- Rabbinic Judaism, Christianity, and Islam agree that there is life after death1. Moreover, all three religions agree that we shall not spend eternity as mere spirits or as disembodied2 souls. Instead, we shall have hands and feet and size and shape. For we shall have bodies. And not just any bodies. Each of us will have the very same body that he or she had in this life, although that body will be 'glorified'. Each of us can have the same body because, at some point in the future, all those bodies that have died will rise again to new life. That is, dead bodies will be resurrected. Indeed we ourselves shall be resurrected. This is the doctrine of the resurrection of the body.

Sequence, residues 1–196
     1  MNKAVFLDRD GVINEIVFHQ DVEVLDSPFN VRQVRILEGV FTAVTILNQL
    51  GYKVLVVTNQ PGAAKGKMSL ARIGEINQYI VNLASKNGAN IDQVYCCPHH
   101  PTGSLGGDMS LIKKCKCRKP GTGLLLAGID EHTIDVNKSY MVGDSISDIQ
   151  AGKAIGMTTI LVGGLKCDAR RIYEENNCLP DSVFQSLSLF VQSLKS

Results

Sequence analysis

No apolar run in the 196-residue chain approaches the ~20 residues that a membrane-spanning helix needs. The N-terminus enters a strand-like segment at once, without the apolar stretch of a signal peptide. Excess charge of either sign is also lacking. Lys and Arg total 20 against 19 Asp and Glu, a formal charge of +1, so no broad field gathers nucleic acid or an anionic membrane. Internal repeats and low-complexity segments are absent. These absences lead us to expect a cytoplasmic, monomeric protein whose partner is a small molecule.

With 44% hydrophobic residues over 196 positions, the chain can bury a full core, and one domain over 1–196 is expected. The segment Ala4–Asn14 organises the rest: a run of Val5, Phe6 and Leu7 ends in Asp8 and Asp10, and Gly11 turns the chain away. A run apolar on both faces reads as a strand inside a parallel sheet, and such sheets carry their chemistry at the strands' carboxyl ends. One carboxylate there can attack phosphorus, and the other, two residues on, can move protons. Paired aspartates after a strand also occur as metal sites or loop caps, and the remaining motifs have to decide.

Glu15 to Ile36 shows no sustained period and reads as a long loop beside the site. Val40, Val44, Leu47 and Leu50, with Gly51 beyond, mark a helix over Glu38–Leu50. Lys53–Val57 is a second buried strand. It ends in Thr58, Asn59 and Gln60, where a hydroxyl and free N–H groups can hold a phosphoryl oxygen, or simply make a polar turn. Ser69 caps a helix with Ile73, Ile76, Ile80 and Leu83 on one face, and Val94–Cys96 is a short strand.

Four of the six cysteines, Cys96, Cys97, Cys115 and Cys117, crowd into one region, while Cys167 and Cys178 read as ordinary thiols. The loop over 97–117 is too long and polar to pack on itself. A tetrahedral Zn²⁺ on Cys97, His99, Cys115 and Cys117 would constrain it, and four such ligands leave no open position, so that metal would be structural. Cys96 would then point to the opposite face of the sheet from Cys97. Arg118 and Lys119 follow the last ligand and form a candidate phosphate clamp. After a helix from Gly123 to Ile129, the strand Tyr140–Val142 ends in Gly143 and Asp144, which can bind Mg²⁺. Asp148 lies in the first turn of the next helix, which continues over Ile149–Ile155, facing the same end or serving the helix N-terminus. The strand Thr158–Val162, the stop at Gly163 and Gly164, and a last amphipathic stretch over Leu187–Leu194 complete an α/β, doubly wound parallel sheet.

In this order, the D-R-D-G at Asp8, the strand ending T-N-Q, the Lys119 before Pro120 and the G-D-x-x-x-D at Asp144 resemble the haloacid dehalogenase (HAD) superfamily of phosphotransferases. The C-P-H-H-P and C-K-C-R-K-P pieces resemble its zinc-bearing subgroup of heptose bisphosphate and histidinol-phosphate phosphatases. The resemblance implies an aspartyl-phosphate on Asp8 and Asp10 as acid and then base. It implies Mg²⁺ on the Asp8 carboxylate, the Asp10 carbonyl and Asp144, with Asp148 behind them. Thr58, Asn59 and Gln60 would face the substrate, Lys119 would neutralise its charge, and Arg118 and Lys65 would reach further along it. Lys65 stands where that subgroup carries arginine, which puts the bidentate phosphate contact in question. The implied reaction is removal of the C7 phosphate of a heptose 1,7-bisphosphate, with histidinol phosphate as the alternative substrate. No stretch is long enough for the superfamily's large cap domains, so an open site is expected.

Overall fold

- This chapter will focus on two questions about the doctrine of the resurrection, questions that will occur to most philosophers and theologians interested in identity in general, and in personal identity in particular. The first question is: How could a body that at the end of this life was (e.g.) frail and feeble be the very same body as a resurrection body, a body that will not be frail or feeble, but will instead be glorified? Moreover, how could a body that has passed out of existence — perhaps as a result of decay or cremation — come back into existence on the Day of Resurrection?
- The second question is: Why? Why would anyone want a resurrection of the body? And even if the resurrection delivers something that we want — maybe one’s current body has some sentimental value so having it back would be nice – we might still wonder why any religion would give the doctrine a central place, as Judaism, Christianity, and Islam all do.
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